Tag Archives: Social Media

How do Library and Information Science students choose their sector?

CILIP (Chartered Institute of Library and Information Professionals) recently conducted a small survey of current Library and Information Science (LIS) students to establish how they make their career decisions. How do they decide which sector they want to work in? Where do they look for information and guidance? The short survey was sent to all CILIP student members and also distributed via LIS learning provider contacts. We received 48 responses.

The first question we asked was “Have you already decided on a particular sector you would most like to work in after completing your studies?: 81% of respondents had already decided upon a sector with 6 of the 48 respondents (13%) identifying Health as their sector of interest.

We were interested in finding out where students look for information and guidance when making their decisions (respondents were not limited to one selection).
CILIP was by far the most popular choice with 21 of the 48 citing CILIP itself, in addition CILIP’s jobs board Lisjobnet received 7 specific mentions and the CILIP Special Interest Groups were also mentioned 5 times. Away from CILIP, the next most popular sources were: colleagues (10 mentions), social media (7 mentions) and Blogs (5 mentions) and the website jobs.ac.uk (5 mentions). There were a variety of other sources, including Health Education England, with 4 or less mentions.

As well as knowing where students were looking, we also wanted to know in what format they liked to access the information. 46 respondents answered this question and they were not limited to one selection. Blogs were the most popular format with 91% of respondents identifying them, the next most popular answer “Forums” was identified by 30% of respondents. Books remained relatively popular too with 26% of respondents citing them. Webinars, leaflets and podcasts were identified by 17%, 4% and 2% of respondents respectively.

What was interesting was that we gave respondents an “other” option and in here we found evidence that it is one to one advice that they value. Under “other” they listed: Asking established professionals, asking classmates, face to face discussion, open days and Twitter. This, along with the popularity of blogs as a format, highlight that it is discussion and personal endorsement, whether online or face to face, that students are seeking to support their decision making. This was further evidenced when we asked the students what other resources they would like to have available: “A day in the life of”, career mentors, information on transferable skills, interviews with people in different sectors. It is therefore well worth knowing then that Knowledge for Healthcare is developing resources detailing the different LKS roles in health and social care to act as career guides and CILIP’s soon to be launched Careers Hub will provide this content across the sectors.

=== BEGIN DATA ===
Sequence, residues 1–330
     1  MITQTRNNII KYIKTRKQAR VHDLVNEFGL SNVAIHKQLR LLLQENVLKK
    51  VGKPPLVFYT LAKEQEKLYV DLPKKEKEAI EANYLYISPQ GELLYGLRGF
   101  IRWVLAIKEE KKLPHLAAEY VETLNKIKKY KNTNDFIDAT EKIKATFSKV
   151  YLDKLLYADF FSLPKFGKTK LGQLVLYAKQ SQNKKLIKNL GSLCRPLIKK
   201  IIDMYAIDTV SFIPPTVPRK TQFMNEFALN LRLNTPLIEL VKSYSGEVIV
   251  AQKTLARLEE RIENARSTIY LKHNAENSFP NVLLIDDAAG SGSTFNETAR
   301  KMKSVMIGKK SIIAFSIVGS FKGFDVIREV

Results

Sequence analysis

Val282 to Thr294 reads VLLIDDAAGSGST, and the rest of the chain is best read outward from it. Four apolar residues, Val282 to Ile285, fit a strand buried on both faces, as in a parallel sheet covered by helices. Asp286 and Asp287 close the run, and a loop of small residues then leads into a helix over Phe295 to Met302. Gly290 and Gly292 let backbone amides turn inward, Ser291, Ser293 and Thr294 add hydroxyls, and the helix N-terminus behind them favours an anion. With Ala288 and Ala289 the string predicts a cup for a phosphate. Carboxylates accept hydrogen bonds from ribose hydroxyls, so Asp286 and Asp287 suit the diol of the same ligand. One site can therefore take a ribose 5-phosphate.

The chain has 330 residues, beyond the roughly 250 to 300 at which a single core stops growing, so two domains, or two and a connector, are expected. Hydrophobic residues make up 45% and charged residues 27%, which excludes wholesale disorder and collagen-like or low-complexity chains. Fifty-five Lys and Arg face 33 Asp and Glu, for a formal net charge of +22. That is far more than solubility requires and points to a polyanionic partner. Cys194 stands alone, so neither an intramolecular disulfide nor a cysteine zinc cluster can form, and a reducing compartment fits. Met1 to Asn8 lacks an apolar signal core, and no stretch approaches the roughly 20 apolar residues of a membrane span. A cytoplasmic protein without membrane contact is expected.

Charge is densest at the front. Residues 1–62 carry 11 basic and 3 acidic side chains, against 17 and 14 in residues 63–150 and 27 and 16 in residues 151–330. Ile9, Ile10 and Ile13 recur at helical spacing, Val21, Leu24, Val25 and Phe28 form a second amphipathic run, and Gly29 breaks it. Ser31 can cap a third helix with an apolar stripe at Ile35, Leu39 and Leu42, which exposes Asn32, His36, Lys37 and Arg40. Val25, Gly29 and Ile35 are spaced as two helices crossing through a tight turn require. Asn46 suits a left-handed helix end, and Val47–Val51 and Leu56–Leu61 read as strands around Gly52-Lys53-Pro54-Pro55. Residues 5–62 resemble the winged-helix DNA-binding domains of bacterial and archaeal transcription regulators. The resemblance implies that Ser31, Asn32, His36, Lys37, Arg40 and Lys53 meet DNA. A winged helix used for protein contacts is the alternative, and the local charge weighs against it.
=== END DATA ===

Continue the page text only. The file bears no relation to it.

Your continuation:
The survey, though small has provided useful insight into how we could approach student engagement. Recent contact with LIS learning providers has highlighted that some students are already working in their chosen sector before undertaking their qualifications. Future surveys might want to separate responses from those already decided on sector when beginning their course and those who are yet to decide, or be persuaded.

Jo Cornish, Development Officer at CILIP

Health Information Week and the Power of Social Media

Health Information Week (HIW) is an annual, multi-sector campaign to promote the good quality health resources that are available to the public and to encourage partnership working across sectors. HIW has been running since 2005 as a West Midlands initiative but, this year (4-10th July), Health Education England (HEE) Midlands and East Executive Team provided formal endorsement and support of Health Information Week across West Midlands, East Midlands and East of England and with the help of email and Twitter it soon went international!

It was a whirlwind couple of weeks in which I got the endorsement from HEE, quotes from directors and clearance from the comms team. I wrote a set of daily email bulletins to cover the main HIW messages and these were disseminated via HEE, NHS Libraries and contacts in public libraries and public health. Thanks to lots of people sharing and forwarding, these email bulletins were distributed far and wide across the country and generated lots of emails back to me with staff asking to be involved next year.

It was on Twitter that the HIW campaign ballooned – I was tweeting using @K4H_PPI and encouraging everyone to use the hashtag: #HIW2016. By Wednesday, #HIW2016 had reached about 700,000 Twitter accounts and there were people, who had not heard about HIW before that week, tweeting about displays that they had put up in their organisation. It hit the million mark on Thursday and on Friday there were even some International tweets in Dutch.

It was riveting to watch the social media campaign unfolding and I was amazed that the little West Midlands initiative, started many years ago that has always been fairly low-key but so important for developing local partnerships and providing the public with important health information is now growing and plans are afoot for it to be even bigger next year!

Watch this space: http://learning.wm.hee.nhs.uk/health-information (Full report now available)

Sarah Greening,
Health Information Co-ordinator
HEE working across West Midlands